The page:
Amid slow economic recovery due to the COVID-19 pandemic, the International Monetary Fund on Wednesday downgraded its expectations for the Nigerian economy for 2020 fiscal year.
The IMF’s outlook indicates that Nigeria’s Gross Domestic Product will shrink by 5.4 per cent in 2020.
The Fund had in April projected a 3.4 per cent decline in GDP but an assessment of economic trends associated with the pandemic compelled it to review its earlier position.
The global financial institution said the economy will experience a recovery of 2.6 per cent in 2021 a growth of 200 basis points when compared to the 2.4 per cent April projection for 2021.
In its presentation on Wednesday following the release of the June 2020 World Economic Outlook, the Fund further disclosed that the global economy in 2020 and 2021 would further contract by 4.9 per cent and three per debt respectively.
Yesterday’s forecast represents a downgrade from its April projection of three per cent contraction in 2020 and a recovery of 2.2 per cent in 2021.
It said, “Compared to our April World Economic Outlook forecast, we are now projecting a deeper recession in 2020 and a slower recovery in 2021. We are projecting a synchronised deep downturn in 2020 for both advanced economies and emerging markets and developing economies.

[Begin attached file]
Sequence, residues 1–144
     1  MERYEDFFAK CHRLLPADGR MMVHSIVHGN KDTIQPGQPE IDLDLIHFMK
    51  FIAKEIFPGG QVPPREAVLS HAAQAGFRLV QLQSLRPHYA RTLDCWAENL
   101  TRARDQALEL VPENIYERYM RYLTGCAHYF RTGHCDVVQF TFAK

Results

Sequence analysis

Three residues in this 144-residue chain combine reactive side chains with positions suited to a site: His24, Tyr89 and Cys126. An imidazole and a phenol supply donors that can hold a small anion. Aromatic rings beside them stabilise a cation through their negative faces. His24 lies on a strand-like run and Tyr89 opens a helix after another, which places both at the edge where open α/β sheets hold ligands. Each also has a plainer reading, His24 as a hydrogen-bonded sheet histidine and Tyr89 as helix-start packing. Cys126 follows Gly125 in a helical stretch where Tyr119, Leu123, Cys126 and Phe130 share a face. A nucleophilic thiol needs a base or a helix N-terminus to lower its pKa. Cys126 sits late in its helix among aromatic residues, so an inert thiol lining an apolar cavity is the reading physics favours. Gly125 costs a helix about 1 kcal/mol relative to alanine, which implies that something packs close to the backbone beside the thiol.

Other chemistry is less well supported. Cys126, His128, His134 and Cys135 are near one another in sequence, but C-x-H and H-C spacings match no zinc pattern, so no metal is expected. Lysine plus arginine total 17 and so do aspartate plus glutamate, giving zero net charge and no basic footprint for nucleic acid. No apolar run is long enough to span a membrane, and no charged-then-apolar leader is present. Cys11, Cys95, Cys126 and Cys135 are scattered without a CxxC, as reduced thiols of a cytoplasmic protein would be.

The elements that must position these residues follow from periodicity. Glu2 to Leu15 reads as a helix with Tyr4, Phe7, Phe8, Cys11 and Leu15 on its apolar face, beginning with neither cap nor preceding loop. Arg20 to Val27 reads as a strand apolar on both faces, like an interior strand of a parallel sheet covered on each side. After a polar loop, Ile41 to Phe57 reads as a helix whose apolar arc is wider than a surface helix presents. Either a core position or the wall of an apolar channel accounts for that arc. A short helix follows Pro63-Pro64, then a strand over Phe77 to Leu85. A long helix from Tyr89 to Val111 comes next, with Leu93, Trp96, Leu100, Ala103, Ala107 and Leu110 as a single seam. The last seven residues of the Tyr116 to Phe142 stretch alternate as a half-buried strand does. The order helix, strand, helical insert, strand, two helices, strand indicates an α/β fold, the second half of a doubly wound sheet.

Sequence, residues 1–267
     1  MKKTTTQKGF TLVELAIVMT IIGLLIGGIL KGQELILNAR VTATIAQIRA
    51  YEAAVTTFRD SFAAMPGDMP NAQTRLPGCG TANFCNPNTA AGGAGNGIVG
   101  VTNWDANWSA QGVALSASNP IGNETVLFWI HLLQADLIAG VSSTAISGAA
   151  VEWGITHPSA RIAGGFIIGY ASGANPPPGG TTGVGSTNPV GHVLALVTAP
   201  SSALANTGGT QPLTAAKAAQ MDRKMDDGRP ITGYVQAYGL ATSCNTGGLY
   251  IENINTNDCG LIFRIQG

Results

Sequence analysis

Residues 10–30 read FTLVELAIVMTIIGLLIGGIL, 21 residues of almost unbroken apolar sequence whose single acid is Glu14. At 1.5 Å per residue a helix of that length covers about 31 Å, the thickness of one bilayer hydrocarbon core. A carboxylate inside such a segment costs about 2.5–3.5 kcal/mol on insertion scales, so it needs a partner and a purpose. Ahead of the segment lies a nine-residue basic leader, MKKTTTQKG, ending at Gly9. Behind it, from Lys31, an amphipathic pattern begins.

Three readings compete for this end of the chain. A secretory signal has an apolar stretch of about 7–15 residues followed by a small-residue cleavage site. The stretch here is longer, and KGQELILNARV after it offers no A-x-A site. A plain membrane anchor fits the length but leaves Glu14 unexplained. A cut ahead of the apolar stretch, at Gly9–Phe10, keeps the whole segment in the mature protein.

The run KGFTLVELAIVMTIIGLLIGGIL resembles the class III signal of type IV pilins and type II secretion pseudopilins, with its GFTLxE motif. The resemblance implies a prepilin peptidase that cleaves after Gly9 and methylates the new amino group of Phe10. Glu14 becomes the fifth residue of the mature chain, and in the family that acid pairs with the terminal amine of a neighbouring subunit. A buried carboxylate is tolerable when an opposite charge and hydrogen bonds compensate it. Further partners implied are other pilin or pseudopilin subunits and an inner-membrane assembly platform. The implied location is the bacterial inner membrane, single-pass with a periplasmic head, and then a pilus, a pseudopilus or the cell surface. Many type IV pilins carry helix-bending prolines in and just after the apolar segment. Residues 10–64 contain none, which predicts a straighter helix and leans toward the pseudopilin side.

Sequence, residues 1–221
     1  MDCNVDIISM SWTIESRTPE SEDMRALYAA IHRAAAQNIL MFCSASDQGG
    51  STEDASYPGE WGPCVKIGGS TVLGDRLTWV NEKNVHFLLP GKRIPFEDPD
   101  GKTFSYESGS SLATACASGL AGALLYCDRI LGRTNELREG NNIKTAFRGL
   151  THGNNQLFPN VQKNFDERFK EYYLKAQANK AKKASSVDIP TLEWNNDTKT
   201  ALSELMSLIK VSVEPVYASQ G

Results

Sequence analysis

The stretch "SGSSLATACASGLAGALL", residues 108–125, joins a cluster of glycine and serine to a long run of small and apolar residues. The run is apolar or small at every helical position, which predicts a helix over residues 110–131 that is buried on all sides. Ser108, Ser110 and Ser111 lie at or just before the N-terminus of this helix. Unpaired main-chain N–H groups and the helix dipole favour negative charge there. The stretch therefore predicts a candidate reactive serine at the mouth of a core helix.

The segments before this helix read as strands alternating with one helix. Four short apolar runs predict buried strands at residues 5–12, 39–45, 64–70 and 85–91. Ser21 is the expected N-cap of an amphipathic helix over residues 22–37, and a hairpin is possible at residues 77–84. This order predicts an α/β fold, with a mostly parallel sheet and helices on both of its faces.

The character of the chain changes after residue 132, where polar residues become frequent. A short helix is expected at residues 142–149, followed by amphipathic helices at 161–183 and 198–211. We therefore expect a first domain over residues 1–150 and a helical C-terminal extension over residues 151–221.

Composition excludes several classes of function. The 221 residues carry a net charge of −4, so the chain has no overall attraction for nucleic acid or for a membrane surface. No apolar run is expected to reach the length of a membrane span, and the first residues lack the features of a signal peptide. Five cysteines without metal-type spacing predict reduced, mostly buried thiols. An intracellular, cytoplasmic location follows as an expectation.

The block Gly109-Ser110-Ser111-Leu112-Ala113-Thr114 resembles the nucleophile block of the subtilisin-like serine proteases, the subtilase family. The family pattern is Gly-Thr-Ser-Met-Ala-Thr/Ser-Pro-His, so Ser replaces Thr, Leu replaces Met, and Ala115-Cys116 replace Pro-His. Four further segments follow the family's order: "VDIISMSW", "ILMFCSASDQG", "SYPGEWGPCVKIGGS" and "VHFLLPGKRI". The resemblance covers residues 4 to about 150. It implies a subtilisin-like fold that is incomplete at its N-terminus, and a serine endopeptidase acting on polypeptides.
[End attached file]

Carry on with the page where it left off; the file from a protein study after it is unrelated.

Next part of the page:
“The COVID-19 pandemic has had a more negative impact on activity in the first half of 2020 than anticipated, and the recovery is projected to be more gradual than previously forecast.”
Meanwhile, losses in Nigeria’s securities market extended into a third consecutive trading session Wednesday, as sell-offs in Seplat, Nigerian Breweries and International Breweries dragged its benchmark index 0.38 per cent lower to close at 24,655.05 points. Consequently, market capitalisation declined by N50 billion to N12.861 trillion while year-to-date (YTD) loss worsened to -8.2 per cent.
However, activity level on the bourse improved as the volume and value of stocks traded rose 12.7 and 23.8 per cent to 189.2 million units and N1.91 billion respectively, exchanged in 3,364 deals. The most active stocks by volume were FBN Holdings (44.4 million units), Zenith Bank (21.3 million units) and Access Bank (18.9m units) while Zenith Bank (N349.4 million), FBNH (N241.1 million) and Seplat (N241.0 million) led by value.
Uche Usim and Chinwendu Obienyi, The Sun